One reason so many health-conscious people choose to live in Corvallis is the network of multi-use trails in the city and surrounding natural areas. Linked park trails provide over a hundred miles of off-road adventure, accessible on foot or bike right from town.
Winding forest trails provide cool shade during the summer. Some lead to glades, streams, and meadows and others to hilltop vistas of the Willamette Valley. Make time to catch a sunset from the top of Chip Ross Park – the views of Marys Peak are excellent in the summer! Paved paths in Riverfront Park beside the Willamette River are sprinkled with sculptures to enjoy and benches to rest on as nature and people continue to pass by.
When it’s finally time to cross a road, you will be impressed with the courtesy of automobile drivers. As you could expect from one of America’s most bicycle friendly towns, a wide variety of bicycle shops and sporting goods stores can give you advice on hikes and bicycle rides that fit the season and your ability level. Here are a few year round opportunities that you should try.
Bald Hill Natural Area is a great starting point for a variety of off-road adventures. Three separate lots with plenty of parking lead to both paved trails and branching single-track that connects to Fitton Green, Oak Creek, and Cardwell Hill County Parks. Ride quietly and you’re likely to see deer, coyote and many species of birds. Make sure to clean your bike before and after rides to reduce the transportation of invasive species.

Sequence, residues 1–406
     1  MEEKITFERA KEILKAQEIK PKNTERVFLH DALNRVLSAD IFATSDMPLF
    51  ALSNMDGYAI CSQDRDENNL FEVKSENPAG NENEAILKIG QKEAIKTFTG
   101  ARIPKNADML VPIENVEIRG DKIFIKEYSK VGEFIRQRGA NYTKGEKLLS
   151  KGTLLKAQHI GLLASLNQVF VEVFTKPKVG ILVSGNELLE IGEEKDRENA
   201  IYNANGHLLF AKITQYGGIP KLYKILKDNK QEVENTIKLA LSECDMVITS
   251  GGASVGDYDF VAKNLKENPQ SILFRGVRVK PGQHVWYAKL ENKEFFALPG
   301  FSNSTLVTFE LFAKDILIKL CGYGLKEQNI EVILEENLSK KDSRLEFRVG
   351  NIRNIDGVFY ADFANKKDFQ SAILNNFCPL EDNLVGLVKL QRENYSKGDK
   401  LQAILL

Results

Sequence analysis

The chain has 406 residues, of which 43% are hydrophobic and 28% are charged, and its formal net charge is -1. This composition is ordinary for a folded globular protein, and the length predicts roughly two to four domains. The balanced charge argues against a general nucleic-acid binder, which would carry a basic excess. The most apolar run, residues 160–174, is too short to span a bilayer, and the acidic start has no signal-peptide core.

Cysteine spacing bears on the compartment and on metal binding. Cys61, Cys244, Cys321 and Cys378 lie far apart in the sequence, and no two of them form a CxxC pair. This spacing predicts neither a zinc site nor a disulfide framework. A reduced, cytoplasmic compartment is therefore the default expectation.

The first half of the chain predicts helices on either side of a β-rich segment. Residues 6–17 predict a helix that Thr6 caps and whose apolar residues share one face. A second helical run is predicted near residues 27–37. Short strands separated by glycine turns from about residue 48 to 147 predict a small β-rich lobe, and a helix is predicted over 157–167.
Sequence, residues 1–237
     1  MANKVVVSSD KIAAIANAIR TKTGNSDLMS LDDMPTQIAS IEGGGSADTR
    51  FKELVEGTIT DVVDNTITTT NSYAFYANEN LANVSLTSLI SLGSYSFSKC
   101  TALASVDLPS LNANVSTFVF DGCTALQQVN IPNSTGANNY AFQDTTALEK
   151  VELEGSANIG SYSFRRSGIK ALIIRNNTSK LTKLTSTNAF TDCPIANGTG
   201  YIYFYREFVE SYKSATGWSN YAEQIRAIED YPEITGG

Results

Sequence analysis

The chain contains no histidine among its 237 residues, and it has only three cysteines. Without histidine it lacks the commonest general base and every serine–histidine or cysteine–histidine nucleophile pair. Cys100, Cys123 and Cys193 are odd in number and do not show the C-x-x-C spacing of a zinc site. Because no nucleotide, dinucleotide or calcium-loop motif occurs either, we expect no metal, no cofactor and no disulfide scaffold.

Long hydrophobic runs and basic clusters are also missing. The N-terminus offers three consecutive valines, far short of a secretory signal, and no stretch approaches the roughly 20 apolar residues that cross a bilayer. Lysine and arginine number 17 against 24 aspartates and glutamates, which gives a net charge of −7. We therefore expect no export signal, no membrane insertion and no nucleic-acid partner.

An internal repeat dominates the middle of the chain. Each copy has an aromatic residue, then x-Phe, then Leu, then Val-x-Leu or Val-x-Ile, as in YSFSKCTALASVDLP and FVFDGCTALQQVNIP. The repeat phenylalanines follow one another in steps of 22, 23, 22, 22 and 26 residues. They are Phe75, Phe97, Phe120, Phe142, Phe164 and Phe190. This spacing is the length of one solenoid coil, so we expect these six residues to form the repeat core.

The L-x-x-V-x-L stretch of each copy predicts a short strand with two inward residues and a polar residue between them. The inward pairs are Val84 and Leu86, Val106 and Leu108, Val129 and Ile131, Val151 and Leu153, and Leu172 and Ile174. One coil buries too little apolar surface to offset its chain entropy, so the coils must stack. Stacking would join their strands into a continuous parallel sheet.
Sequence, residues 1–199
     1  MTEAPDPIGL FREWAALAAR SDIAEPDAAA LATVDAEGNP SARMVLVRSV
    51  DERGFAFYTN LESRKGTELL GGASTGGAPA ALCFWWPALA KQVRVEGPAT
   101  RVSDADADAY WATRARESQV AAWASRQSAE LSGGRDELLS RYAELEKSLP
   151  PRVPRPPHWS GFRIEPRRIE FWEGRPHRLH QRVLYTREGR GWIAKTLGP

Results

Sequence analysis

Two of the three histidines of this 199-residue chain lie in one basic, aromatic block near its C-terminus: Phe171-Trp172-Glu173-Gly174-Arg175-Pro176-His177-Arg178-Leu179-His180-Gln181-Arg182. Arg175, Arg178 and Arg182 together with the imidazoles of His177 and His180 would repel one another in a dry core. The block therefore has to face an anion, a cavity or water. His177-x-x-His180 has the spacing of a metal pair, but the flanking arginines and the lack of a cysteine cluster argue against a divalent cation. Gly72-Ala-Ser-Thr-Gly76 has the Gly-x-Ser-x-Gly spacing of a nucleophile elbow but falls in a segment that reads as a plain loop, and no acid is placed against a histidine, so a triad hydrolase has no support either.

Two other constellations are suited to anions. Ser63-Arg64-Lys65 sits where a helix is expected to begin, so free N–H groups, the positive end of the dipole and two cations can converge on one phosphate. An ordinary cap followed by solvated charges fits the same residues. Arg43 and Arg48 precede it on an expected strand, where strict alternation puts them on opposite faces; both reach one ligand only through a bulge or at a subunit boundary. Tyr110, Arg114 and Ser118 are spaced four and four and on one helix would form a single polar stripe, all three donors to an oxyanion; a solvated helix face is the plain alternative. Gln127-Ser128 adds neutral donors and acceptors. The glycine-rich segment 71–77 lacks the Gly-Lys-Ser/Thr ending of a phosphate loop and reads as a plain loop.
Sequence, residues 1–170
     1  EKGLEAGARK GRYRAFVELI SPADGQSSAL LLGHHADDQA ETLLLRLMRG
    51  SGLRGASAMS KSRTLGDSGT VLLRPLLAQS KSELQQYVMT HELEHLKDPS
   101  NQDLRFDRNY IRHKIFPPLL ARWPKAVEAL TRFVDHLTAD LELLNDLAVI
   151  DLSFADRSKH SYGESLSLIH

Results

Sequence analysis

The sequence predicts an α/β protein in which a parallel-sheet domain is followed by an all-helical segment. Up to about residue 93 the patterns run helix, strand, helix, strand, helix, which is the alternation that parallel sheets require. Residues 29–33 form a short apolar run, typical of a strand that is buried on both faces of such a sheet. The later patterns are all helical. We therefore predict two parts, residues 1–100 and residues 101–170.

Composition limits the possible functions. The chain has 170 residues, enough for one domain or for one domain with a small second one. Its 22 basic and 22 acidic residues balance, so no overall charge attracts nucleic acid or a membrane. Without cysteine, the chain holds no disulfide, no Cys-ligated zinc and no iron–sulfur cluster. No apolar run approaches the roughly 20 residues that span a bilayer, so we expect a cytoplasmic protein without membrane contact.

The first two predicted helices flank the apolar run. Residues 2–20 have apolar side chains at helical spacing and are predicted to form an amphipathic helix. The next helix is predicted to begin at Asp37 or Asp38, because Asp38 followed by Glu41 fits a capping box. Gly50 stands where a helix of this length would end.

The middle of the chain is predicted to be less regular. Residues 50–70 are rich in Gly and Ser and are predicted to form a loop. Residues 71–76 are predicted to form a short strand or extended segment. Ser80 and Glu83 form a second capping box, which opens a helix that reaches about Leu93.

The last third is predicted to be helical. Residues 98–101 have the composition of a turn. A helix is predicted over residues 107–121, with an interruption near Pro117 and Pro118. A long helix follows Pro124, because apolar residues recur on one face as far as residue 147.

In addition to nearly 20 miles of paved multi-use paths within Corvallis, many roads in the area offer wide shoulders and light traffic. Ride south or east and you’ll be greeted by rolling hills and local agriculture. Head north or west for a more challenging route such as the ride up Sulpher Springs Road or the daunting climb to Marys Peak (4.097 feet).
Whether your ideal hike is on a boardwalk, paved path, forest trail, or grassy meadow, you can find it nearby. Catch a glimpse of the rare Fender’s Blue Butterfly on a hike through William L. Finley National Wildlife Refuge just south of town. Watch beavers build their dams at Sunset Natural Area or have a picnic among wildflowers in Timberhill Natural Area. North of town OSU manages Peavy Arboretum, a great place to grow your love of trees. More than fifty great hikes are nearby; for more, look for the book Corvallis Trails, by Margie C. Powell, available from Grassroots Books and Music (227 SW Second Street).